Sixties model Verushka, from 'The Women We Wanted To Look Like'
You may have gathered that I’ve never been a frills and ribbons kind of female. But I do have a penchant for one thing that’s very girly: make-up. I like to think of it as an art form. From those first playful experiments in pretending to be a grown-up with my mum’s lipstick smeared on (mostly around my chin) to the drawing on of black and red geometric lines in my punk heyday, wearing make-up has been fun. When I go out it’s a part of my identity, still a bit of a statement perhaps - a little 'art' on my eyes being very much a feature of the total look I want to achieve.
But I’m getting on a bit now and I wonder for how much longer I can keep applying my usual amount of slap without ending up looking like a drag queen’s impression of Barbara Cartland. I question how much I use it as a confidence-booster too. It doesn’t help that I need glasses a lot these days and I can’t see what I’m doing half the time, jabbing my pupils accidentally with a mascara stick (that’ll really help the failing eyesight), whilst my kohl line goes astray in an Alice Cooper stylee. I’ve asked Mr SDS to tell me if he ever thinks I’m heading towards the dreaded mutton-dressed-as-lamb scenario, but I’m not sure he’ll see that through those old pink-lensed spectacles. And rather shockingly I realise there are a few friends who haven’t even seen me with a completely nude face before. Maybe they won’t recognise me?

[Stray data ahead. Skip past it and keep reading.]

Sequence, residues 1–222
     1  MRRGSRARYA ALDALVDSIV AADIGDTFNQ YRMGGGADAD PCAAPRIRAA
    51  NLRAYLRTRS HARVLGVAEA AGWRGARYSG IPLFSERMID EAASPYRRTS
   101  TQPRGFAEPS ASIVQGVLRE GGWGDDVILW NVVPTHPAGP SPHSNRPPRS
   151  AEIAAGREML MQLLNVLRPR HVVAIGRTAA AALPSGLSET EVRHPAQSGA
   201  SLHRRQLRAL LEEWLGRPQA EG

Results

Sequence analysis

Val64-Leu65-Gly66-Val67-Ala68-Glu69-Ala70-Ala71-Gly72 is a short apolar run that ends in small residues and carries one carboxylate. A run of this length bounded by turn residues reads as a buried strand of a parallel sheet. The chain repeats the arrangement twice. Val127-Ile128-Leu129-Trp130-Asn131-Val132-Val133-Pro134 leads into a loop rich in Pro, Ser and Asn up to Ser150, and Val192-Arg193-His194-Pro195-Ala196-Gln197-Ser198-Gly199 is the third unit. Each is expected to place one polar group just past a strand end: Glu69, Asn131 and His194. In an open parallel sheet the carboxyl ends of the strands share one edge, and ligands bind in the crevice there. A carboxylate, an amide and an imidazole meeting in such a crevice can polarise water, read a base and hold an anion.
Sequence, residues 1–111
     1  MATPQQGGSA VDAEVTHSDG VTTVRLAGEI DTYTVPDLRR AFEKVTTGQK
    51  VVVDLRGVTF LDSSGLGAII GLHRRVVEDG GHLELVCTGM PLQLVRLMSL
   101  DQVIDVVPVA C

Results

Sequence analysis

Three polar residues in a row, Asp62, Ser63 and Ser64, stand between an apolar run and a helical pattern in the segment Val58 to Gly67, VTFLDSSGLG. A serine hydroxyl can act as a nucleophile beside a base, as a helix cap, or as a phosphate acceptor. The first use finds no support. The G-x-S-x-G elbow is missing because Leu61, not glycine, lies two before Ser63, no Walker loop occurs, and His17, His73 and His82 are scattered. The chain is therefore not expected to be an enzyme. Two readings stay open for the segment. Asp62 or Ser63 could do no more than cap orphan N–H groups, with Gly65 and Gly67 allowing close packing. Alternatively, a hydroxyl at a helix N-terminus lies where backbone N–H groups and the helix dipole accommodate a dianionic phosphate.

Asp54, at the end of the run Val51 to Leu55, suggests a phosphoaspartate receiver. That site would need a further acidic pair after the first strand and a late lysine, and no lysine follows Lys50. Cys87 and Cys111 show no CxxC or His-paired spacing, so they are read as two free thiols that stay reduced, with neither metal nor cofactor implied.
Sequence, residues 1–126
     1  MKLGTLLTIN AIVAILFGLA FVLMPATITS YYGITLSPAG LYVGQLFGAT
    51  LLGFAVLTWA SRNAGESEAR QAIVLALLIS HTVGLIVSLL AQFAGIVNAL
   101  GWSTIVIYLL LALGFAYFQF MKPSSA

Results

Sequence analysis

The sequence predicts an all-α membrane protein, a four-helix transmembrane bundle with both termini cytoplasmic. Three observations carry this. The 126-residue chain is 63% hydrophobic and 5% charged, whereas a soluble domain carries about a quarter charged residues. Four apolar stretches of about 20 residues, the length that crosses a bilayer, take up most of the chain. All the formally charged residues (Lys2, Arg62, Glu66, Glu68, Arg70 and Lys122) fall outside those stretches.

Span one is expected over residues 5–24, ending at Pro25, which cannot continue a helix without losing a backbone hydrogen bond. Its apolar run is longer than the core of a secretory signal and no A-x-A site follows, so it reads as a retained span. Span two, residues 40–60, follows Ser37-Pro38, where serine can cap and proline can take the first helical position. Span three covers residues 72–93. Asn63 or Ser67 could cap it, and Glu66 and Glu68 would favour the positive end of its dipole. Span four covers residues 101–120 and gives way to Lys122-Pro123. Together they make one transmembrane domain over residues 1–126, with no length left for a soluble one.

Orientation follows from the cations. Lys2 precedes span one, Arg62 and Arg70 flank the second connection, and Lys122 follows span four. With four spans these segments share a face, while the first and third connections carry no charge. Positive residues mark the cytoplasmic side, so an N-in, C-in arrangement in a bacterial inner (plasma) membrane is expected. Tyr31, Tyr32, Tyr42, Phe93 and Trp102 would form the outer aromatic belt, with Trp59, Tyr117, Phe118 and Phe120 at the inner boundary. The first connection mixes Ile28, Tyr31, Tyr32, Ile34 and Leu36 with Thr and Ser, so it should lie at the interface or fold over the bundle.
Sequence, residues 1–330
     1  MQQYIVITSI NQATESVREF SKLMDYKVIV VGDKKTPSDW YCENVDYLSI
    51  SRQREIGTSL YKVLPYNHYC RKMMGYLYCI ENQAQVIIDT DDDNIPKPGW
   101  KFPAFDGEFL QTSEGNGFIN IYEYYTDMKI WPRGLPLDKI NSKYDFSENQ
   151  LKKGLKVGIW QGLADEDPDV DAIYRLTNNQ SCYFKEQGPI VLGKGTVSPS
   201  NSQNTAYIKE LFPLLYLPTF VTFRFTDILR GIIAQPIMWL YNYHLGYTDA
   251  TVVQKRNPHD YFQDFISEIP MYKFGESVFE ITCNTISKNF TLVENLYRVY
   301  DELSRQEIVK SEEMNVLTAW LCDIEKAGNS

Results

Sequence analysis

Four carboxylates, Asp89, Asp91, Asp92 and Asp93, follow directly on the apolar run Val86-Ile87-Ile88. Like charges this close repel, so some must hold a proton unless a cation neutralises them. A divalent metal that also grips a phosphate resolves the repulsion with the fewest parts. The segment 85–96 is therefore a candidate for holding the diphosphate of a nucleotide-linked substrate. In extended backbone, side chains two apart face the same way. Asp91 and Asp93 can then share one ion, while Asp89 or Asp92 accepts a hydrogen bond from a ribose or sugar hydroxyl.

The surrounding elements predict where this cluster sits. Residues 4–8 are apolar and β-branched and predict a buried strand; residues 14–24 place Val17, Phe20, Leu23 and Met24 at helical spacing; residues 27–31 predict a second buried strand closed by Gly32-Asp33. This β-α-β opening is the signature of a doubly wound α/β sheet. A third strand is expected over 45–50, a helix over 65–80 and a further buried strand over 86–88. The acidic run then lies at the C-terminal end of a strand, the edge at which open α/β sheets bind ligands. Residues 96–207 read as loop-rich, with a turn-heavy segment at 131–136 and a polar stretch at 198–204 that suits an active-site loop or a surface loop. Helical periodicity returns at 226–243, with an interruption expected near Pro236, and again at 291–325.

I'm a tiny bit heartened though by this page from a book I've had for many years ('The Women We Wanted To Look Like' by Brigid Keenan, 1977). Here is the stunning sixties French model, Nicole de la Marge, undergoing her own make-up transformation.